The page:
Parrikar Reportedly Plans To Tell US That It's Pakistan Policy Is A Flop

06/12/2015 1:47 PM IST | Updated 15/07/2016 8:25 AM IST
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MANAN VATSYAYANA via Getty Images
India's Minister of state for Defense Manohar Parrikar takes part in the third Association of Southeast Asian Nations (ASEAN) Defence Ministers-PLUS meeting in Subang on November 4, 2015. A meeting of Asia-Pacific defence ministers has scrapped plans for a joint declaration after the Chinese delegation lobbied to block mention of Beijing's island-building activities in the disputed South China Sea, a US defence official said November 4. AFP PHOTO / MANAN VATSYAYANA (Photo credit should read MANAN VATSYAYANA/AFP/Getty Images)

New Delhi -- Defence Minister Manohar Parrikar is likely to do some 'plain talking' on cross border terrorism by Pakistan and articulate India's stand on the situation in Afghanistan and the Middle East during a crucial meeting with his American counterpart Ashton Carter this week.

Top Defence sources said Parrikar, at the meeting on December 9 and 10, will "plainly" tell the US that its policy of engaging Pakistan was not working.

Parrikar will also be telling Carter that the American military and foreign policy in the Middle-East and Afghanistan "are not very sound" and not working properly, sources said.

Parrikar, who is already in the US on his maiden visit as Defence Minister, will also express his concern over Islamabad's "threat" to use tactical nuclear weapons against India.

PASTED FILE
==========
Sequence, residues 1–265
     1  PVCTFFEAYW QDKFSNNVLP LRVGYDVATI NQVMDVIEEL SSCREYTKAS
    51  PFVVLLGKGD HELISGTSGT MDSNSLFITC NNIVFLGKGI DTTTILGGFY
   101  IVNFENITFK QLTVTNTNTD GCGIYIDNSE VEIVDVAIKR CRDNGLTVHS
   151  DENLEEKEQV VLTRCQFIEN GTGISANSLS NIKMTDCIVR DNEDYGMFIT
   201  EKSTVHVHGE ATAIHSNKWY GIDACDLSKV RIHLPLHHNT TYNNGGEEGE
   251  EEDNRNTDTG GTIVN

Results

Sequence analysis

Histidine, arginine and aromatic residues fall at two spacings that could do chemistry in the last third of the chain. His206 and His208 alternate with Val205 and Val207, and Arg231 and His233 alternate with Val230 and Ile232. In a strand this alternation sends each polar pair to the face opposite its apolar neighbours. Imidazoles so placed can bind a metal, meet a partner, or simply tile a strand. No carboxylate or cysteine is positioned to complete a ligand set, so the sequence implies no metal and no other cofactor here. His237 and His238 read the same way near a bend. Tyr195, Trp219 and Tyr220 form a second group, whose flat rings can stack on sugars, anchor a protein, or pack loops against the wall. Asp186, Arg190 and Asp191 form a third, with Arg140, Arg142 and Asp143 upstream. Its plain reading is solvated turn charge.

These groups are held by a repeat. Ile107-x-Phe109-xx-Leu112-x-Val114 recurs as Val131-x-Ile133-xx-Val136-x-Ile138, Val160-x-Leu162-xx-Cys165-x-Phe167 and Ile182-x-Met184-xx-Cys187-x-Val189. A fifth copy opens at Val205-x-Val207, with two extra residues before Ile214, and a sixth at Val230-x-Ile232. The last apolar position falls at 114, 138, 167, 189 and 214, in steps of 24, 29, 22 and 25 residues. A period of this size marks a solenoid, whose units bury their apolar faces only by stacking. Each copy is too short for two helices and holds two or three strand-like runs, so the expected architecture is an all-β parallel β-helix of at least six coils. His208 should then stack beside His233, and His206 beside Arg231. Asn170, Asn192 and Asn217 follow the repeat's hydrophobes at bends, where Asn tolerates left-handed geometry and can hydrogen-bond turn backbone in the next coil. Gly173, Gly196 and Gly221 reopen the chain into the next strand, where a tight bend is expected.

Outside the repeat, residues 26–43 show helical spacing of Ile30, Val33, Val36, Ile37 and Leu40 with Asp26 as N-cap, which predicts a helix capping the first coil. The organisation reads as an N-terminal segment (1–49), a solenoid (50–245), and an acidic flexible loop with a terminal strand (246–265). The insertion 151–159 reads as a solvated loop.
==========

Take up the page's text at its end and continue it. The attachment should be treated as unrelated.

Parrikar's visit comes against the backdrop of reported US plans to sell eight F-16 fighters and 15 Bell AH 1Z Viper attack helicopters to Pakistan.

He is also likely to articulate India's stand on this.

India's concern about the US policy in Middle-East relates to the rise of the Islamic State (IS) which recently carried out terror strikes in Paris killing more than 120 people.

Besides Pakistan and the security situation, Parrikar will also take forward the Defence Trade and Technology Initiative (DTTI) as both countries work towards greater collaboration in joint development and manufacture of next-gen military technology, sources said.

Both Parrikar and Carter will review the functioning of the joint working group on aircraft carrier and identify technologies India could acquire in future.

The two are also expected to discuss possible programmes that could be taken up under the 'Make in India' initiative.

US' Lockheed Martin has already offered to manufacture its planes here in line with the government's 'Make in India' push. Indicating its growing interest in the Indian market, Lockheed recently entered into a joint venture with the Tatas to manufacture parts of C-130J aircraft at a newly built facility in Hyderabad.

A forward movement is also expected in India's decision to acquire 145 pieces of M777 Ultra-Light Howitzers from the US under a government-to-government deal that would see its manufacturer BAE Systems invest over USD 200 million in India as offset.

Parrikar is also scheduled to visit the powerful Hawaii-based US Pacific Command, the first by an Indian Defence Minister. Its area of responsibility includes China, Japan, India, South Korea, Australia and Vietnam.

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